What is a JUUL?
JUUL is a brand of e-cigarette that is shaped like a USB flash drive. Like other e-cigarettes, JUUL is a battery-powered device that heats a nicotine-containing liquid to produce an aerosol that is inhaled.
With JUUL e-cigarettes, the liquid nicotine is stored in a JUUL pod. When users insert the pod into its cartridge and inhale through a mouthpiece at the end of the e-cigarette, the device vaporizes the liquid.
Why is JUUL dangerous?
JUUL e-cigarettes have a high level of nicotine. According to the manufacturer, a single JUUL pod contains as much nicotine as a pack of 20 regular cigarettes. JUUL is one of a few e-cigarettes that use nicotine salts, which allow particularly high levels of nicotine to be inhaled more easily and with less irritation than the free-base nicotine that has traditionally been used in tobacco products, including e-cigarettes.
In addition to addiction, JUUL use has been linked to nicotine poisoning, cardiovascular disease, seizures, strokes, birth defects, and respiratory illnesses.
What types of lawsuits have been filed against JUUL?
Juul now faces thousands of lawsuits, filed in both federal and state courts throughout the country. The federal actions are so numerous that they have been consolidated into a multi-district litigation (“MDL”) in the US District Court for the Northern District of California. Similarly, cases filed in state court in California, where JUUL Labs is headquartered, have been consolidated in Los Angeles County Superior Court. The actions include class actions, individual personal injury cases, and actions on behalf government entities and school districts.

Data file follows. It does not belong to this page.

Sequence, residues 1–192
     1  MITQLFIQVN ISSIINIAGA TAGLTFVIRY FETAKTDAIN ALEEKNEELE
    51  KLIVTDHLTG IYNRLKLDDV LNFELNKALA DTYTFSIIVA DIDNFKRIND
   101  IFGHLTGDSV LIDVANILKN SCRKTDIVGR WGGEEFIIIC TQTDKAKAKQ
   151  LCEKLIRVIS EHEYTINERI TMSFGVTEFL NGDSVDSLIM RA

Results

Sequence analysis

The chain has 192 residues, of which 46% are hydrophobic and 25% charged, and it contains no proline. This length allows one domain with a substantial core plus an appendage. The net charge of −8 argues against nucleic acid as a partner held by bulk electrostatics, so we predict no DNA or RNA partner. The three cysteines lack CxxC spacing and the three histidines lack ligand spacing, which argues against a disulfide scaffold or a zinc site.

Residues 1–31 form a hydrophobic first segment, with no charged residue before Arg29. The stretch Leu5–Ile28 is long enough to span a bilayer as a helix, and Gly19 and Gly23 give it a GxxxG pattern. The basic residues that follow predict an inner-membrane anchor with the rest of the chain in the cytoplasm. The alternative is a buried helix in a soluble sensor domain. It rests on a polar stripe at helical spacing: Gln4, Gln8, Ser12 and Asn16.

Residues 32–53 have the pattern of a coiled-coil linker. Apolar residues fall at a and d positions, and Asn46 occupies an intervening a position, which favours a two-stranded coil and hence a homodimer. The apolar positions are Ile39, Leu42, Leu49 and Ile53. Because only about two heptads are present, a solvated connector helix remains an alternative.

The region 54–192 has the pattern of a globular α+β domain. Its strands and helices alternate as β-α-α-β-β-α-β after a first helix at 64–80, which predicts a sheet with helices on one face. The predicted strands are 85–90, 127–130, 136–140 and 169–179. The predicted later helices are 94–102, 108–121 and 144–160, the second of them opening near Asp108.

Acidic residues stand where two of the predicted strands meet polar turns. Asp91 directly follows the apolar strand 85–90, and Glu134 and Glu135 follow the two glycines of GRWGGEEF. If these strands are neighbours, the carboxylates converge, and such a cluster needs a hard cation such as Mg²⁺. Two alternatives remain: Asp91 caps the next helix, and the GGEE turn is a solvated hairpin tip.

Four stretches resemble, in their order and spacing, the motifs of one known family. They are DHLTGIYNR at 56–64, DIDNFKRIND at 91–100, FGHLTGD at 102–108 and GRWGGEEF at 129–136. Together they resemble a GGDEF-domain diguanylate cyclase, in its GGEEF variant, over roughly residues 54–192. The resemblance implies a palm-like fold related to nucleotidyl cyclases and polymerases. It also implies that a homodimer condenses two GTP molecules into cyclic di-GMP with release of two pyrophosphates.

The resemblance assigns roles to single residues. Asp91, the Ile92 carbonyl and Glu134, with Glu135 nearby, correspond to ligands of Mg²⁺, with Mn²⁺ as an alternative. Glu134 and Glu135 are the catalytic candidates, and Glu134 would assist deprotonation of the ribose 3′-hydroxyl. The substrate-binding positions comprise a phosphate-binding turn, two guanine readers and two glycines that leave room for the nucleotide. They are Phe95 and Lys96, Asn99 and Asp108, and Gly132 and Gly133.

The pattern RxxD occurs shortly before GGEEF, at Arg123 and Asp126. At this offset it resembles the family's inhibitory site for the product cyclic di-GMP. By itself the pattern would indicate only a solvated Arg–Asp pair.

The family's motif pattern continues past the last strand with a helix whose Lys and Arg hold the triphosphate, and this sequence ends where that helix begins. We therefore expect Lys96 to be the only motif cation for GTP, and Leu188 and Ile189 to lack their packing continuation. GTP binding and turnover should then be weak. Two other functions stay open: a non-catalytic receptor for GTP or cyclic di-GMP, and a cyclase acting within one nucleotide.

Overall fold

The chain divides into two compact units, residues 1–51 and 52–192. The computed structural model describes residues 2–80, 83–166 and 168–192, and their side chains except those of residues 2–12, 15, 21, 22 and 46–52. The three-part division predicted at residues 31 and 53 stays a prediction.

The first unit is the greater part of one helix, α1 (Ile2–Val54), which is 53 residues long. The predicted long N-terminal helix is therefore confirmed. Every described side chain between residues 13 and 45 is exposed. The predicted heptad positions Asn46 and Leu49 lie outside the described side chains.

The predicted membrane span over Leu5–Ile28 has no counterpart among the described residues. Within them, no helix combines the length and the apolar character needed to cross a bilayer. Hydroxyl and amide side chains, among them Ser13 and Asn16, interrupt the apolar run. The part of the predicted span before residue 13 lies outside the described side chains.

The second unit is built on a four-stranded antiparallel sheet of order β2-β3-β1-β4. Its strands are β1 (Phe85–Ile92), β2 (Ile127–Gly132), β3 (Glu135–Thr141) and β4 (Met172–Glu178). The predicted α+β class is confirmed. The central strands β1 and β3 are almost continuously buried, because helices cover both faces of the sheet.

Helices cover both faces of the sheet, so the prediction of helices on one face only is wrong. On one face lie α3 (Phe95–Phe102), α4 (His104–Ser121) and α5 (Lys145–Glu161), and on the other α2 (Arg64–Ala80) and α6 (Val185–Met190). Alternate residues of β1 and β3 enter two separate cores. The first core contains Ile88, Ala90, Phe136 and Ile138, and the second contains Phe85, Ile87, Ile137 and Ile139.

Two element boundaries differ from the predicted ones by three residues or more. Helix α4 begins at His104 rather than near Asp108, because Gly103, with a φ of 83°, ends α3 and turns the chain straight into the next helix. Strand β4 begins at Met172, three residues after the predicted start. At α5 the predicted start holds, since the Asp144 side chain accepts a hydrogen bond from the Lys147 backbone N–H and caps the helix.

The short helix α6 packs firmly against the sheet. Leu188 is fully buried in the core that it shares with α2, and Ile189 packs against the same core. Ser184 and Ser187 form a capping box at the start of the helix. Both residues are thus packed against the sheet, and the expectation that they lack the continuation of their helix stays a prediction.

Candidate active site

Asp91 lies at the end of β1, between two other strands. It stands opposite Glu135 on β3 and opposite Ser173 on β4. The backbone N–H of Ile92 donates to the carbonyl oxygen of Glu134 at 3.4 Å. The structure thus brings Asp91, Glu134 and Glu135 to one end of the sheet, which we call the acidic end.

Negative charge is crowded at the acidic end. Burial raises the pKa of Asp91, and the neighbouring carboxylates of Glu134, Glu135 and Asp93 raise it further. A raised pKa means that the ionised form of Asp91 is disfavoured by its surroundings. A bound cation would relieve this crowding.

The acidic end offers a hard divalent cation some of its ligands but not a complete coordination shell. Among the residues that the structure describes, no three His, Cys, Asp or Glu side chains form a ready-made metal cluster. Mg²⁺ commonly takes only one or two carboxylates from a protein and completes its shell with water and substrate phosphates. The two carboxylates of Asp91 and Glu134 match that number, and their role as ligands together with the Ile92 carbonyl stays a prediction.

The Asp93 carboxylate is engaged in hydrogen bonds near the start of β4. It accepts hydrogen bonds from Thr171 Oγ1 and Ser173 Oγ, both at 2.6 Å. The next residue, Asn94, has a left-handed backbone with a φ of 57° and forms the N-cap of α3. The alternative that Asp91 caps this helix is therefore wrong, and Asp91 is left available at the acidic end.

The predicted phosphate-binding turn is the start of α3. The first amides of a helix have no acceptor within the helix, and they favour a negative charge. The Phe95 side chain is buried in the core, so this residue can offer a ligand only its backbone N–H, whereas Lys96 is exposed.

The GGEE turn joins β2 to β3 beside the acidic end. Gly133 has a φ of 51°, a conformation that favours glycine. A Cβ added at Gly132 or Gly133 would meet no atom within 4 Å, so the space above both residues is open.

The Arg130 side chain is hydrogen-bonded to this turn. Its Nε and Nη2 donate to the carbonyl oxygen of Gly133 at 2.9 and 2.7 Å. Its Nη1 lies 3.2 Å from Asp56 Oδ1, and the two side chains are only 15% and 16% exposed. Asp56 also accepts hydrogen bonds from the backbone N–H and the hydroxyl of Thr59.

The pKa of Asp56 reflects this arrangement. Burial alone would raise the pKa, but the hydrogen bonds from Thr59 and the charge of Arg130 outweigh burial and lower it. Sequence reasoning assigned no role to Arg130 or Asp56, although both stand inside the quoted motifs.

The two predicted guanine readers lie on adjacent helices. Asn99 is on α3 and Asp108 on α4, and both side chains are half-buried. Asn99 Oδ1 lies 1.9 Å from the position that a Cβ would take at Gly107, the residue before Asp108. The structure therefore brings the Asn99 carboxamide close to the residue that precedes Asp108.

Injured consumers have joined together and filed class action lawsuits against Juul Labs, suing the company over their marketing tactics aimed at young adults and their failure to warn consumers of the long-term health consequences of using their product. They also allege Juul defectively designed its product by failing to limit the amount of nicotine delivered to the user, resulting in a product that poses risks of abuse, addiction, and, in youth, long-term neurological damage.
Personal injury lawsuits have also been sought for serious injuries, including addiction, cardiovascular disease, seizures, strokes, birth defects, and respiratory illnesses. A Florida mother has also filed a wrongful death lawsuit, accusing Juul of hooking her son on nicotine when he was a healthy 15-year-old; the teenager “died in his sleep at the age of 18 after years of Juul use.”
Government Entities & School Districts
Governmental entities have brought a host of lawsuits against Juul and other e-cigarette companies, alleging the industry is preying on young and underage people in its advertising in order to get a new generation addicted to nicotine, causing state and local governments to incur significant costs to undo the damages caused by the vaping crisis. Over 100 school districts have also brought lawsuits alleging that the epidemic has challenged the academic achievements of students, caused schools to divert resources to combat vaping, affected individual learning, and led to a rise in student absences, which leads to reduced funding.
Can I still bring or join a lawsuit against JUUL?
Yes! If you or a loved one have become addicted and suffered injuries related to Juul or other e-cigarettes, you may be entitled to file or join an existing lawsuit – especially if hooked on nicotine by using Juul or other e-cigarette devices before the age of 18.
Forester Hanyie provides free, no-obligation consultations to discuss your legal options with an experienced attorney. If you are considering pursuing a lawsuit, remember to save all evidence in your possession, including documentation of purchase history (i.e. receipts, bank statements, emails, etc.), medical and therapy records, and e-cigarette devices (i.e. JUUL device, “JUULpods,” etc.).